Professor David Skuse is an expert in autism spectrum disorders. He has worked at Great Ormond Street Hospital for over 30 years, and he is currently Head of Behavioural and Brain Sciences at the Institute of Child Health.
Professor Skuse specialises in the assessment of complex cases of autism, especially those cases that are associated with normal or high intelligence.
He established the National Centre for High Functioning Autism a decade ago. This Centre combines state-of-the-art clinical services with research and training facilities. It is part of a national and international collaborative network that aims to improve the identification and treatment of complex autistic disorders.
Professor Skuse trained in medicine at the University of Manchester, before specialising in general medicine in Oxford. He then trained to become a child psychiatrist at the Institute of Psychiatry in South London before moving to take up a joint consultant and academic role at Great Ormond Street Hospital and the Institute of Child Health in 1985. He is a Fellow of the Royal College of Physicians, the Royal College of Psychiatrists and the Royal College of Paediatrics and Child Health.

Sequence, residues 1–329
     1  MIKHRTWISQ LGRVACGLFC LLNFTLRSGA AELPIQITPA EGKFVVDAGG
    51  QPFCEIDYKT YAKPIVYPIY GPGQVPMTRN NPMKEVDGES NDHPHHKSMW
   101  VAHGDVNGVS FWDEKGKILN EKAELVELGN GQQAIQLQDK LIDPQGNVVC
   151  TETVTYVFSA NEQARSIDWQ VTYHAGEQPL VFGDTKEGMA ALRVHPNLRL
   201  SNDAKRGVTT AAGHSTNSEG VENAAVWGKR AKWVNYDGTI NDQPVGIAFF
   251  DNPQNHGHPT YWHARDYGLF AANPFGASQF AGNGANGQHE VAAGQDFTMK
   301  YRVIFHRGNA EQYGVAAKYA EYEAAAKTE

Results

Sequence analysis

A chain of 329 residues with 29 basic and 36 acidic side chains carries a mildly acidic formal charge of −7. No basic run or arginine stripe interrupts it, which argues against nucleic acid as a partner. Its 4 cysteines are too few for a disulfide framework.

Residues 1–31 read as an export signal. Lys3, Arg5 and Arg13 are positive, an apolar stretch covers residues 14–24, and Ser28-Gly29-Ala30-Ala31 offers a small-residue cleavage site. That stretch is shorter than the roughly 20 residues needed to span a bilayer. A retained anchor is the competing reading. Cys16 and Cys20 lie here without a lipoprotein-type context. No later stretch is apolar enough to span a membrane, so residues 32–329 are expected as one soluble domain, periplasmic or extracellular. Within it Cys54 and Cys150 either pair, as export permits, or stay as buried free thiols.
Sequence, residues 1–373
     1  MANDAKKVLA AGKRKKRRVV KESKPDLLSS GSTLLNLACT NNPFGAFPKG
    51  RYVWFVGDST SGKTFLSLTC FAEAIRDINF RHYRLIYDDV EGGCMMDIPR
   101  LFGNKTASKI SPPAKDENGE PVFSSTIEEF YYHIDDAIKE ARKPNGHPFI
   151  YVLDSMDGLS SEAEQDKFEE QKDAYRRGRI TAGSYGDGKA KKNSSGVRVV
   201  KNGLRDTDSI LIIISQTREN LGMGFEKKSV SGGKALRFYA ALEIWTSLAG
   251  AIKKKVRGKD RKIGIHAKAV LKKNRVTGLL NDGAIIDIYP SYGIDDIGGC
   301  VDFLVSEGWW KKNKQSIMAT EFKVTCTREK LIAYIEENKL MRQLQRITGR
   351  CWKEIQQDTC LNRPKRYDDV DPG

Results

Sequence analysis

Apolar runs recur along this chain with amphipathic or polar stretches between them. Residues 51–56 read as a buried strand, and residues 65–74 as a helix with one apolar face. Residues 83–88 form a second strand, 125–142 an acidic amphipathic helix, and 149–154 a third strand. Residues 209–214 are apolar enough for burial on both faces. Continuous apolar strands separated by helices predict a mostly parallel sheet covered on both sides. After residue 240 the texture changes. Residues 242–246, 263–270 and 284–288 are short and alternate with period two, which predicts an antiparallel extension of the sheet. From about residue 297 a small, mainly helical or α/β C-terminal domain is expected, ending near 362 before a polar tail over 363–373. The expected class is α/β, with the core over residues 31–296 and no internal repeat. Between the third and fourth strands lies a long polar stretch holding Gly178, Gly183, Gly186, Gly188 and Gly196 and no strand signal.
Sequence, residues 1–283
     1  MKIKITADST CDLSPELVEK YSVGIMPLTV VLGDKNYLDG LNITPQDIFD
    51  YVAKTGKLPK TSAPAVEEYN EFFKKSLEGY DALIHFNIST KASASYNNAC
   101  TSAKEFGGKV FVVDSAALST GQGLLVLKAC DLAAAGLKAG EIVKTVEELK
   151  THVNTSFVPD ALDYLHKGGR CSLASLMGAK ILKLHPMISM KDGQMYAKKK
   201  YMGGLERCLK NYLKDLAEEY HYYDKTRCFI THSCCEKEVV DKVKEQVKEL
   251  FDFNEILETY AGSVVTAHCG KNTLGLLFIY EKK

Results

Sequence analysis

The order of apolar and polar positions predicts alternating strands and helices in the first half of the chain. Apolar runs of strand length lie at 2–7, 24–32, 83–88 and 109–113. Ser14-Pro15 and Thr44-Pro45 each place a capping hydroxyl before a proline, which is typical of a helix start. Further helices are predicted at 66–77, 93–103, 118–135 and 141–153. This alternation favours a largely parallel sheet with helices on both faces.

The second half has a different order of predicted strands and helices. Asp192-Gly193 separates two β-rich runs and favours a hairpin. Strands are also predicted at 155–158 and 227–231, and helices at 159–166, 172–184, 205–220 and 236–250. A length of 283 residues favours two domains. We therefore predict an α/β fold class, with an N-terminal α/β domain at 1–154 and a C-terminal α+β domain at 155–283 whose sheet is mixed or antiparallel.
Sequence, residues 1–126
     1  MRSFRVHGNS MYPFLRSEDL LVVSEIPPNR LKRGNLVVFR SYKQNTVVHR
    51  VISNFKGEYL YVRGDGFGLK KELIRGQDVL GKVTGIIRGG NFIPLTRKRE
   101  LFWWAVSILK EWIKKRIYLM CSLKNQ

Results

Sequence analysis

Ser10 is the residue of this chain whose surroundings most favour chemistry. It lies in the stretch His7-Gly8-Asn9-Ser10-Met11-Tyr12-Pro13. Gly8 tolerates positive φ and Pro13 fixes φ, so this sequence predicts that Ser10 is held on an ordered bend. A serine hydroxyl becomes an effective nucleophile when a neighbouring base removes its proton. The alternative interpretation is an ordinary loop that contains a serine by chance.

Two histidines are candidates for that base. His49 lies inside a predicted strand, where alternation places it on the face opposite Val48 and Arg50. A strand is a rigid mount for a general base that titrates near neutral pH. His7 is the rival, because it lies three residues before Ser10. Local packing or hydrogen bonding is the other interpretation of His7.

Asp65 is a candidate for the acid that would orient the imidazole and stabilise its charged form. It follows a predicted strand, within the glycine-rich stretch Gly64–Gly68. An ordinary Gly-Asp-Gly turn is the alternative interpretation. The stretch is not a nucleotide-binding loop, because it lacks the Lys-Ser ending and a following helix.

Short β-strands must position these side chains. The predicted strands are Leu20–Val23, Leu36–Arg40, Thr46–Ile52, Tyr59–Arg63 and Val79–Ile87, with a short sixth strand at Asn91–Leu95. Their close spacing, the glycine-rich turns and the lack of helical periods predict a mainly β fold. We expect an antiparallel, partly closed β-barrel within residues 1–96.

Professor Skuse has interests in clinical, epidemiological and basic science research areas. He and his team have developed novel highly reliable assessment procedures for autism, which are now in international usage, such as the 3di. They have devised evidence-based psychoeducational programmes for children with newly diagnosed autism. And they have produced ‘how-to’ manuals for helping teachers support children with autism make the transition from primary to secondary school, found here.
As part of a programme of research funded by the Medical Research Council (UK) his research team is recruiting up to 10,000 children across the United Kingdom who have intellectual disabilities (ID) due to rare genetic anomalies. The IMAGINE-ID research programme (www.imagine-id.org) aims to collect, for the first time, information about the psychiatric risks that are associated with such very rare diseases. Currently, we know very little about the behavioural and social difficulties that are associated with over 90% of these conditions. Paediatricians and geneticists need that information in order to help affected children and their families.
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